Off the Beaten Track in London

Updated on September 4, 2019
SheilaMilne profile image

I have been living in the southeast of England for the last seven years, and still exploring the rich history the area has to offer.


Sometimes you tire of the large and well-known tourist sites which are generally busy and commercialised. Even if it's your first visit to London, maybe you'd like to see something out of the ordinary. If you've visited London before, maybe you're ready for the road less traveled.

Or you could be someone who passes through London often, maybe for business reasons. From time to time you catch a glimpse of another, more intriguing side to the city, and you wish you had time to stop and find out more. Take the time. It will be worth it.

The following are my suggestions for places to visit if you do want something different. They fall roughly into five categories: gardens, houses, churches, pubs, museums, and one that doesn't really fit anywhere.

I've added a table with the area/postcode so that you can sort them into roughly the same area, to make visiting easier (by clicking on the column heading) if that's what you wish. Alternatively, you can choose the type of attraction that appeals to you.

(click column header to sort results)
Area (postcode)  
Whitechapel Foundry
Chelsea Physic Garden
Basil Hume Garden
Chumleigh Gardens
London Wetland Centre
Garden Museum
Leighton House Museum
Foundling Museum
Dennis Severs' House
Benjamin Franklin House
St Bartholomew the Great
All Hallows by the Tower
The Grenadier
Ye Old Mitre
Old Operating Theatre

Chelsea Physic Garden

A section of Chelsea Physic Garden
A section of Chelsea Physic Garden | Source

An oasis of calm in the midst of the city, this garden of medicinal, historic, edible, and otherwise useful plants dates back to 1673. Only the University of Oxford's botanical gardens are older. You can take a guided tour (I recommend this) or you can wander at will, or both! There is a café to keep you going, and a shop.

There is a charge for entry. For current charges and opening times, visit their website.

The Basil Hume Quiet Garden

The tiny garden dedicated to the memory of Cardinal Basil Hume.
The tiny garden dedicated to the memory of Cardinal Basil Hume. | Source

The garden, which was designed and created in memory of Cardinal Basil Hume, is not only a wonderfully quiet spot for meditation and reflection but it also has an interesting story.

You will find it adjoining the Chapel of St Joseph, a small chapel in the basement of a former school dating from 1901. Before that, the building had been a school-chapel, and it still contains stained glass windows dating from the 1820s. You can read more of its history on the Taking Stock website.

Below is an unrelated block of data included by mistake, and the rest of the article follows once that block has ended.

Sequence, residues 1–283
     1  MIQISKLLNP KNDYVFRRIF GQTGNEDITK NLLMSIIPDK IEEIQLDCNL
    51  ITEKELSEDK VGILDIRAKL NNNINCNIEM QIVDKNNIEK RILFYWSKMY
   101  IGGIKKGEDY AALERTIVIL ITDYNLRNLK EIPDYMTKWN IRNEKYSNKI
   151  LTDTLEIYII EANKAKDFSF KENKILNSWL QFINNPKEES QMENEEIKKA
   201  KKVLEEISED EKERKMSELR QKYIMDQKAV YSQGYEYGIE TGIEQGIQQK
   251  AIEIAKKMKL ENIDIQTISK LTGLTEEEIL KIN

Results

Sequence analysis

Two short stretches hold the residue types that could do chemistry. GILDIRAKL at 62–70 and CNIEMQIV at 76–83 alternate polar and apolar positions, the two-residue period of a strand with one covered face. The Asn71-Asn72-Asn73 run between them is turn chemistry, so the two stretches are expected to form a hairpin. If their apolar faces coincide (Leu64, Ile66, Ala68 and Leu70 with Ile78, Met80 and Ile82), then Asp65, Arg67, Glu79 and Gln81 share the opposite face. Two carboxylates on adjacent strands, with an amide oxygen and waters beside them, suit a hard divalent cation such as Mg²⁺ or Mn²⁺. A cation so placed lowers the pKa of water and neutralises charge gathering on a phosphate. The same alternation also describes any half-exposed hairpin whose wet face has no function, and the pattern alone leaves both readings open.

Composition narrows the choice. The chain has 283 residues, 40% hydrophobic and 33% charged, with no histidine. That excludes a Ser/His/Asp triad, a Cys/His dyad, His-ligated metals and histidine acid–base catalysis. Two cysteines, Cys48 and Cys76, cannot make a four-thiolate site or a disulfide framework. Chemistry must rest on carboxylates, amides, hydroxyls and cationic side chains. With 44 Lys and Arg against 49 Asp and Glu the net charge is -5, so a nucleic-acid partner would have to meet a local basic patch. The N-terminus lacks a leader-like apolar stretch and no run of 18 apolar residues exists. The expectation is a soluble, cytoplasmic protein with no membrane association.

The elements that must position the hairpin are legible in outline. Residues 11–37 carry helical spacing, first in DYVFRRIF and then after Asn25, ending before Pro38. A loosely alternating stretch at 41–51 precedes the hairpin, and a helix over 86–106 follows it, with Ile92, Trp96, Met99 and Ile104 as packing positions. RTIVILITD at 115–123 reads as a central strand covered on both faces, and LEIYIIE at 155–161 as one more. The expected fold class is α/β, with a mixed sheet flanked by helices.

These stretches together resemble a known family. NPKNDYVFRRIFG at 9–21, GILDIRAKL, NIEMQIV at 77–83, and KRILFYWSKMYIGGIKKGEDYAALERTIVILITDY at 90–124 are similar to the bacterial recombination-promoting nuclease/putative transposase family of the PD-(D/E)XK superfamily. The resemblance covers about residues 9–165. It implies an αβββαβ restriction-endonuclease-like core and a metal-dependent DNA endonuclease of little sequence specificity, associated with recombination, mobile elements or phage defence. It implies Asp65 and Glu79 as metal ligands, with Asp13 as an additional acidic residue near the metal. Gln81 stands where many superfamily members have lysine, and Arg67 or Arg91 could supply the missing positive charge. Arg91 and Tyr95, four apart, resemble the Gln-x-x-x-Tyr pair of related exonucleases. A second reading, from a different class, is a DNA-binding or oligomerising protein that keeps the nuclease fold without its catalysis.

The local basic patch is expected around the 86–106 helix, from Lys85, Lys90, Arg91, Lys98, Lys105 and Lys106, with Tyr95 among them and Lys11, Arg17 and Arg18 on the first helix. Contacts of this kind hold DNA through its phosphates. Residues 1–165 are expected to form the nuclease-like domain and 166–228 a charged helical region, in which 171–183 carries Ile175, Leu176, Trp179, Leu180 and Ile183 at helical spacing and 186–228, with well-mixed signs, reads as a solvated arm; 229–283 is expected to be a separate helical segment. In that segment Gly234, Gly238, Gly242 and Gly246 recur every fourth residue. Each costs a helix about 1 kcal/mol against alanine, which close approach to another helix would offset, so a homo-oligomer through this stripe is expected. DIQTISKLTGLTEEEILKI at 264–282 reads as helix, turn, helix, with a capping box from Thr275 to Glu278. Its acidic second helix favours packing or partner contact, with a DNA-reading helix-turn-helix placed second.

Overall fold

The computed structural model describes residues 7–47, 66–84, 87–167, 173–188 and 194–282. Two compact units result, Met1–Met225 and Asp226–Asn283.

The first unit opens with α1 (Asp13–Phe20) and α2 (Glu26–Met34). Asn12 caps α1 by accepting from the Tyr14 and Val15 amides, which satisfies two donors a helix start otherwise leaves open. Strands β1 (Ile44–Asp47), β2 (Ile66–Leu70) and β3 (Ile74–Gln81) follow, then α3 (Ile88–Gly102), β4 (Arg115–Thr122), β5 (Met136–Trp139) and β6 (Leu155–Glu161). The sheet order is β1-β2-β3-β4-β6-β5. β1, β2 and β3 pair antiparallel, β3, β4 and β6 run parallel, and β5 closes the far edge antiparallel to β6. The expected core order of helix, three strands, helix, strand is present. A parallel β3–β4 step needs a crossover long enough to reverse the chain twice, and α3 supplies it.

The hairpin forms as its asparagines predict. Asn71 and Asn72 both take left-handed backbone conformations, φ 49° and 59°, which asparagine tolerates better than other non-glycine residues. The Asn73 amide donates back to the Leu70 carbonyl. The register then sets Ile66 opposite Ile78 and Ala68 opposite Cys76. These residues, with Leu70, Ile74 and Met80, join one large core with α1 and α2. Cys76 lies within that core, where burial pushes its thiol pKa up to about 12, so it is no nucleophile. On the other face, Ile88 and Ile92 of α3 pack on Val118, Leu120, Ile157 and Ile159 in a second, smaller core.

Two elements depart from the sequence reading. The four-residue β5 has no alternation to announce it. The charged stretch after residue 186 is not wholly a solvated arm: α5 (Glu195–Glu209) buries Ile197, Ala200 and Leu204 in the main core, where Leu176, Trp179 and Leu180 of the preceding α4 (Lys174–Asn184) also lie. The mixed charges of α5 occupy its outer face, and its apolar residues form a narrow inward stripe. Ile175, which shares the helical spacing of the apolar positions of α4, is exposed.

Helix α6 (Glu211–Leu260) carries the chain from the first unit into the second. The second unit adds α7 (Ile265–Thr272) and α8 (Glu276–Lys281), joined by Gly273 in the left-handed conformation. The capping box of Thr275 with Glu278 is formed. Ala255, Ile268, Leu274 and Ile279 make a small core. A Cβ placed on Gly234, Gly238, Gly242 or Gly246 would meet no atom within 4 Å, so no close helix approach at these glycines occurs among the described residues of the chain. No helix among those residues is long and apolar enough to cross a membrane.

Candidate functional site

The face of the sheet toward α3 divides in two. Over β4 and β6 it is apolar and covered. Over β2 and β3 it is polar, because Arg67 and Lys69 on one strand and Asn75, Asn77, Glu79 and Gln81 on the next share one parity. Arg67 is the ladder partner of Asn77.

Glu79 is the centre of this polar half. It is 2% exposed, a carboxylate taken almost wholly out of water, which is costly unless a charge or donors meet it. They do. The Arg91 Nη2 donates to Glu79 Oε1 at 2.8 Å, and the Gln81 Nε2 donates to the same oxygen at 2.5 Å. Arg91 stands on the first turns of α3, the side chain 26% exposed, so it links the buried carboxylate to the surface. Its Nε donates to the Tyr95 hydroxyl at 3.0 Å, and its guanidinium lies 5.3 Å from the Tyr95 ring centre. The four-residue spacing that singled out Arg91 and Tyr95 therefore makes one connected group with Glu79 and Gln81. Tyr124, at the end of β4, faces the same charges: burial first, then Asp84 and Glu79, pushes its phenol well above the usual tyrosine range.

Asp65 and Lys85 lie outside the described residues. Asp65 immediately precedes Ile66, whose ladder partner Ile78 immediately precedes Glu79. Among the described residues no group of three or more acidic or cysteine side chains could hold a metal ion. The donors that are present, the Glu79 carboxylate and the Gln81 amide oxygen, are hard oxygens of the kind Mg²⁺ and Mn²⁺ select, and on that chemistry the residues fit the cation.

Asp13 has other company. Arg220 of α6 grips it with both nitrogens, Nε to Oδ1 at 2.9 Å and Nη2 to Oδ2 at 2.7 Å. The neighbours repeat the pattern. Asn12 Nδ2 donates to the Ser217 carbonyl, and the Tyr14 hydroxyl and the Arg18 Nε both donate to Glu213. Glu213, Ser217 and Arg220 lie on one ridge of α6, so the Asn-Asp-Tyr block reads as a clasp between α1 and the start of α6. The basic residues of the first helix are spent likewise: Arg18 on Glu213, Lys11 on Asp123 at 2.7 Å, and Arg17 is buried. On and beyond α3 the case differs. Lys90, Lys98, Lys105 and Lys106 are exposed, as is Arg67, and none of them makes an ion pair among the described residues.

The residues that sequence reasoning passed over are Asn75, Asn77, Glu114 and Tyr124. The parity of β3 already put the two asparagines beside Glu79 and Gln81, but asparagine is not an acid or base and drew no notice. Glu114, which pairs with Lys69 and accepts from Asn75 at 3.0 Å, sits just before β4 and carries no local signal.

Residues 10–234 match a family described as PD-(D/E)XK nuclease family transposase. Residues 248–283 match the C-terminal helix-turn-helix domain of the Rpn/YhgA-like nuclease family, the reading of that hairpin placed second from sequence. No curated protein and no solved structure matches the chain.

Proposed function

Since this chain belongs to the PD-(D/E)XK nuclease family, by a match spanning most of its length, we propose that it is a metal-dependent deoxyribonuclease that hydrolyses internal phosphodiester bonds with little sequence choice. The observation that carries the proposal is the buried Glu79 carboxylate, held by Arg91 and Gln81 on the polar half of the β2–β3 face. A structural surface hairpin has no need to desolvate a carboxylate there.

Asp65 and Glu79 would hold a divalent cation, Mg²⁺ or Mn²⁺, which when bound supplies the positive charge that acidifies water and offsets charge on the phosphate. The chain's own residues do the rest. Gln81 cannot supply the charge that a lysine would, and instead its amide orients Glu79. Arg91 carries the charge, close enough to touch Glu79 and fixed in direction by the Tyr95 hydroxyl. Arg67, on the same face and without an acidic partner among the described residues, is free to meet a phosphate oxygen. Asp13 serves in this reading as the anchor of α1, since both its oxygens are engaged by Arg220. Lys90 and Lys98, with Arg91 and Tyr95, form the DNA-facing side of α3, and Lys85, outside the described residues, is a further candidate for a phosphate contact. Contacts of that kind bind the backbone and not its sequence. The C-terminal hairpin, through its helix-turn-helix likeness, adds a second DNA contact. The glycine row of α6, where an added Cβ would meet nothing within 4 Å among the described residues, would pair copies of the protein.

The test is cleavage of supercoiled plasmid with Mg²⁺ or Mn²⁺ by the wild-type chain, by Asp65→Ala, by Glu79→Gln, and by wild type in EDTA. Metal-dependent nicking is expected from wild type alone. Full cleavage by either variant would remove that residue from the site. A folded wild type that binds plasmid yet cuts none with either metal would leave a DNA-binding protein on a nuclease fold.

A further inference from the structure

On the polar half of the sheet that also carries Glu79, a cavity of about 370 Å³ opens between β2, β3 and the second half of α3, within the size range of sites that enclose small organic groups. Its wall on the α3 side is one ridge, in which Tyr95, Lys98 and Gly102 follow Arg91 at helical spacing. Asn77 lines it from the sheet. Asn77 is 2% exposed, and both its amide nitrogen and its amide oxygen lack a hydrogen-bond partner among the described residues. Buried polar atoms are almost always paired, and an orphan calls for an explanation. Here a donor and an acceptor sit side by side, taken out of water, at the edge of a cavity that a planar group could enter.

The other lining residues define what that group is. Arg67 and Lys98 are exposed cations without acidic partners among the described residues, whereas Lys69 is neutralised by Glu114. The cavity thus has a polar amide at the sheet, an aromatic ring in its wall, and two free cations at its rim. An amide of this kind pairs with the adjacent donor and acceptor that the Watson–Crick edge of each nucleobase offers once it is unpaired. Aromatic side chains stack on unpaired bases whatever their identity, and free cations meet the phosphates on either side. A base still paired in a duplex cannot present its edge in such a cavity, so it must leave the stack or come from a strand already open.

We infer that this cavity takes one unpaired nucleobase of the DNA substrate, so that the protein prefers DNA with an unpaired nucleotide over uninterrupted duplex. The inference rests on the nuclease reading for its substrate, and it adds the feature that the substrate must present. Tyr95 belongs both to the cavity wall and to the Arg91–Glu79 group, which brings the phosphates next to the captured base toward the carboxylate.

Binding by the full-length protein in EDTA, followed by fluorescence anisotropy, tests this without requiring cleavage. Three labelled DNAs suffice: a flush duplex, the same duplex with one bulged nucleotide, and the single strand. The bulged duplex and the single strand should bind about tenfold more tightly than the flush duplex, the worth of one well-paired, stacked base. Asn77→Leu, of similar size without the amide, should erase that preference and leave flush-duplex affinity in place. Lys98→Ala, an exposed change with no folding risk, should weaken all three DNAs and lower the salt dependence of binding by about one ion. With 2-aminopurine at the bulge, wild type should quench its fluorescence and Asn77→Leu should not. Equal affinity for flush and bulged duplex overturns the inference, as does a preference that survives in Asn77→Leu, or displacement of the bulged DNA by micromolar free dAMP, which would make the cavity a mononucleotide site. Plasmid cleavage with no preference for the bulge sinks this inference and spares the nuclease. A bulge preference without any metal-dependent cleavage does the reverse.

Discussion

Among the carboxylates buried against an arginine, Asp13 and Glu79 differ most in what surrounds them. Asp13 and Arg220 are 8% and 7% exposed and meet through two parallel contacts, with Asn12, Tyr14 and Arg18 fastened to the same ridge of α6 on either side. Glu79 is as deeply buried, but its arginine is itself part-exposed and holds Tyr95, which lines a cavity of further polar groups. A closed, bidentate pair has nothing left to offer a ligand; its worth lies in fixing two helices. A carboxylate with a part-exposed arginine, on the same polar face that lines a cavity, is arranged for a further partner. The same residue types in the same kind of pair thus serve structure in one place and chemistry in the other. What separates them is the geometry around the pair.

The garden is beside the church entrance on what was once a car-park. It is a haven of peace in a built-up area.

Chumleigh Gardens

Chumleigh Gardens in the Winter Sun
Chumleigh Gardens in the Winter Sun | Source

Chumleigh Gardens were once the gardens of the Chumleigh Gardens Almshouses which were opened in 1821 "for the winter of life" to "women of good character." The almshouses suffered severe bomb damage during WWII and were left derelict for many years. Now they have been renovated and provide a café, office space and a nursery, along with a peaceful garden for all to enjoy. The work of the original charity, the Female Friendly Society, continues elsewhere.

The gardens themselves form part of the larger Burgess Park. and provide peaceful surroundings in a variety of styles: African, Oriental, Mediterranean, Islamic and English, to reflect the multicultural area.

There is no charge for entry.

The London Wetland Centre

A statue of Sir Peter Scott, the naturalist, at the London Wetland Centre
A statue of Sir Peter Scott, the naturalist, at the London Wetland Centre | Source

It's really amazing that you can find a wetland nature reserve in (virtually) the centre of London, but there it is! The reason it's possible is that it was developed on the site of four Victorian Thames Water reservoirs, beside the River Thames. It was opened in 200 and now is a Site of Special Scientific Interest.

It's not only wetlands, there are sustainable gardens, activities for children, a shop and a café. There is an entrance fee, but book online and get 10% off.

The Garden Museum

Part of the Garden Museum showing the recreation of a 17th century knot garden and some of the tombs.
Part of the Garden Museum showing the recreation of a 17th century knot garden and some of the tombs. | Source